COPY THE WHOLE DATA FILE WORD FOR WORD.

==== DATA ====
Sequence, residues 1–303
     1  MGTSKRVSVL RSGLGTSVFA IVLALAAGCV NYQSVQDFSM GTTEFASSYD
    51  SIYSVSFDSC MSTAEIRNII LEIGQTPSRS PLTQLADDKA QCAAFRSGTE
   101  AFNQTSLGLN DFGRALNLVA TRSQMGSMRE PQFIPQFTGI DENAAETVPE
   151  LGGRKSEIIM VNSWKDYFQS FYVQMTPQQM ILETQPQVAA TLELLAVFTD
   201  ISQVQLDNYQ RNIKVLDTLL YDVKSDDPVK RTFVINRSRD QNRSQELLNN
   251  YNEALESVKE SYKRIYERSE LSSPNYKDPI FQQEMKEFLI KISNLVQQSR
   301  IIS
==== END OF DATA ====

Sequence, residues 1–303
     1  MGTSKRVSVL RSGLGTSVFA IVLALAAGCV NYQSVQDFSM GTTEFASSYD
    51  SIYSVSFDSC MSTAEIRNII LEIGQTPSRS PLTQLADDKA QCAAFRSGTE
   101  AFNQTSLGLN DFGRALNLVA TRSQMGSMRE PQFIPQFTGI DENAAETVPE
   151  LGGRKSEIIM VNSWKDYFQS FYVQMTPQQM ILETQPQVAA TLELLAVFTD
   201  ISQVQLDNYQ RNIKVLDTLL YDVKSDDPVK RTFVINRSRD QNRSQELLNN
   251  YNEALESVKE SYKRIYERSE LSSPNYKDPI FQQEMKEFLI KISNLVQQSR
   301  IIS